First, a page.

Scottish Government announce u-turn on cutting air departure tax
The Scottish Government has announced it is abandoning plans to cut air departure tax after declaring a climate emergency.
The SNP’s flagship manifesto policy to halve the air duty before abolishing it altogether has been scrapped, with ministers saying “reducing air departure tax (ADT) is no longer compatible with more ambitious climate targets”.
The u-turn follows pressure from opposition parties who questioned how a policy to reduce a tax on flying was compatible with the Scottish Government’s decision to announce a climate emergency.
Scottish Labour had secured a vote on the issue set for Wednesday, claiming the policy was a £150 million tax cut for the airline industry and the richest in society.
The vote posed a dilemma for Nicola Sturgeon’s Government, with the Scottish Greens expected to join Labour, the Lib Dems and members of the First Minister’s own party in opposing the cut to air departure tax.
Instead, Finance Secretary Derek Mackay announced on Tuesday that the Government is dropping its backing for the tax reduction.
Mr Mackay said: “All parts of government and society have a contribution to make to meeting this challenge – and reducing air departure tax is no longer compatible with more ambitious climate targets.
“We continue to support our tourism industry, which is going from strength to strength, and we will work with the sector to develop in a sustainable way. We welcome their efforts – and those of the aviation industry – to reduce carbon emissions.
“We will continue to work with the UK Government to fix the devolution of air departure tax to ensure that future parliaments can decide on the best policy for Scotland’s interests in line with our climate ambitions.”
Environment and Climate Change Secretary Roseanna Cunningham explained that the Government was assessing all its policies in light of the new climate change targets announced last week.
Ms Cunningham added: “Following the First Minister’s declaration of a climate emergency last week, and the recommendations from the UK Committee on Climate Change, we have moved quickly to increase Scotland’s emissions reduction targets – which will now be the most stringent in the world.
“Scotland has already shown global leadership by including a fair share of international aviation and shipping emissions in its statutory climate targets, and the fact is that aviation emissions contribute a relatively limited amount to Scotland’s overall carbon emissions – so while we are making this commitment as the first step to meeting the climate emergency, no one should be pretending that this is job done.”
Scottish Greens parliamentary co-leader Patrick Harvie said: “Greens have led the case against this ill thought out tax giveaway from the moment it was first proposed, so we very much welcome the Scottish Government’s huge u-turn on this issue.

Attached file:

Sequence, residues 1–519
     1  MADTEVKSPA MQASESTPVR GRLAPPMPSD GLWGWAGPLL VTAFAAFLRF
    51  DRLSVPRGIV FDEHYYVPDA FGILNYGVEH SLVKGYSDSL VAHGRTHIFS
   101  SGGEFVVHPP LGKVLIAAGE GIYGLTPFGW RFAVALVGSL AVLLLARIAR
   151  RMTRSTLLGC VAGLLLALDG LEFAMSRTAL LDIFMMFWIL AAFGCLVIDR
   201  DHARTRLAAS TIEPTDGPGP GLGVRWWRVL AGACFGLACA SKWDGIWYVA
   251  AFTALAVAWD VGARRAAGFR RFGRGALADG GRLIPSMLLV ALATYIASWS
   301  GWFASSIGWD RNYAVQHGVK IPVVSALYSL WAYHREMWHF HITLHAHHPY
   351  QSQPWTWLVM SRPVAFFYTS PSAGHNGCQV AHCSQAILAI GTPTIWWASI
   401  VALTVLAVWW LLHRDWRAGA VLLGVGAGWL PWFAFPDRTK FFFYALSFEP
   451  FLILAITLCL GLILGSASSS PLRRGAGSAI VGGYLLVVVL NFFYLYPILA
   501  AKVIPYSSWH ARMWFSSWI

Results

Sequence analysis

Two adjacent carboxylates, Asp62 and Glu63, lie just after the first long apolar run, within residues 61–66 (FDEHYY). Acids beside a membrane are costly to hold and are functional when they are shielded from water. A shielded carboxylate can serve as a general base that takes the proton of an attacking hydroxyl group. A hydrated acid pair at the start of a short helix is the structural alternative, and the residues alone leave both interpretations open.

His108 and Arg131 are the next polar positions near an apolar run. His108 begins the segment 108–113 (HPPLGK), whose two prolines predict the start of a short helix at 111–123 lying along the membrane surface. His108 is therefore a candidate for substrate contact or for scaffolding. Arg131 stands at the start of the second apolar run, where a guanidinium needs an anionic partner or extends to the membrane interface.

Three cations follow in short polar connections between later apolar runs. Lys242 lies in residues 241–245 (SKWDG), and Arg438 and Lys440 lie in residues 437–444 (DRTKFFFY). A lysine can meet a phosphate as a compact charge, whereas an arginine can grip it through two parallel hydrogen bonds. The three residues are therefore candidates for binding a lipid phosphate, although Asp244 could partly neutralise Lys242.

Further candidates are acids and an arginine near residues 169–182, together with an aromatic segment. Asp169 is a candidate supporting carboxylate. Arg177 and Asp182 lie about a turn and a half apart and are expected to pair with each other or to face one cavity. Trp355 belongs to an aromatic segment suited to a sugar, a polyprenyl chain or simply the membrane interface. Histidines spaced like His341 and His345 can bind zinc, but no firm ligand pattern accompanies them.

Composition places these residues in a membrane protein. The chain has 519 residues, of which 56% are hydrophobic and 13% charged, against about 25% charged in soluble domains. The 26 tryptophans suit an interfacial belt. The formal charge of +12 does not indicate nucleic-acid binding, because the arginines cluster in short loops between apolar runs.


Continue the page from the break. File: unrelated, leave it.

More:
“Today, Greens have lodged amendments to the climate change bill to deliver net zero greenhouse gas emissions by 2040.
“If parliament is serious about tackling the climate emergency then it’s vital that an ambitious target is set, and that we are willing to take more decisive policy decisions like scrapping this proposed air tax cuts to back it up.”
Gordon Dewar, chief executive of Edinburgh Airport said: “We’ve gone from personal commitments to all-out cancellation in the space of just two weeks, which shows just how reactionary this decision is.
“It does not show leadership and means airports and airlines have been led down a path of failed promises for three years by this Scottish Government.
“The Scottish Government continues to implement a successful cut in APD in Inverness which has delivered fantastic economic benefits, and persists on propping up a failing airport at Prestwick to the tune of £40million and counting, so this is sheer hypocrisy.
“It also raises questions about continued support for our tourism sector when airlines have already walked away from Scotland due to this failure to deliver.
“There is scope for everyone, the aviation industry included, to make improvements and reduce emissions and carbon footprints and only a few weeks ago we were told ADT was factored into the Scottish Government’s climate change targets so what has changed?
“It not only punishes families and those who work hard to afford a holiday by enforcing one of the highest aviation taxes anywhere in the world, but will restrict our future connectivity, investment into Scotland and job creation as we sacrifice Scotland’s international outlook.”
Scottish Labour transport spokesman Colin Smyth said: “This u-turn from the SNP is thanks to pressure from Labour, and is one that should have been made years ago.
“Scotland faces a climate emergency and soaring inequality – a tax cut that benefits the richest the most and increases emissions was never the right policy.
“Holyrood should now get on with delivering better public transport and look at how ADT could be reformed to be more progressive.”
Murdo Fraser, Scottish Conservative shadow finance secretary said: “Almost no-one will be convinced by this blatant fib from the SNP.
“The simple truth is it never had the will to press ahead with ADT changes, and is now succumbing – once again – to the environmental extremists in its own nationalist movement.
“Cutting ADT on long-haul flights has huge potential to boost our economy, make money for the tourism industry, and generate business.
“For years the SNP claimed they believed this, and made promises to our tourist industry – promises that they have now broken.
“It’s a disgrace the SNP no longer sees these things as important.”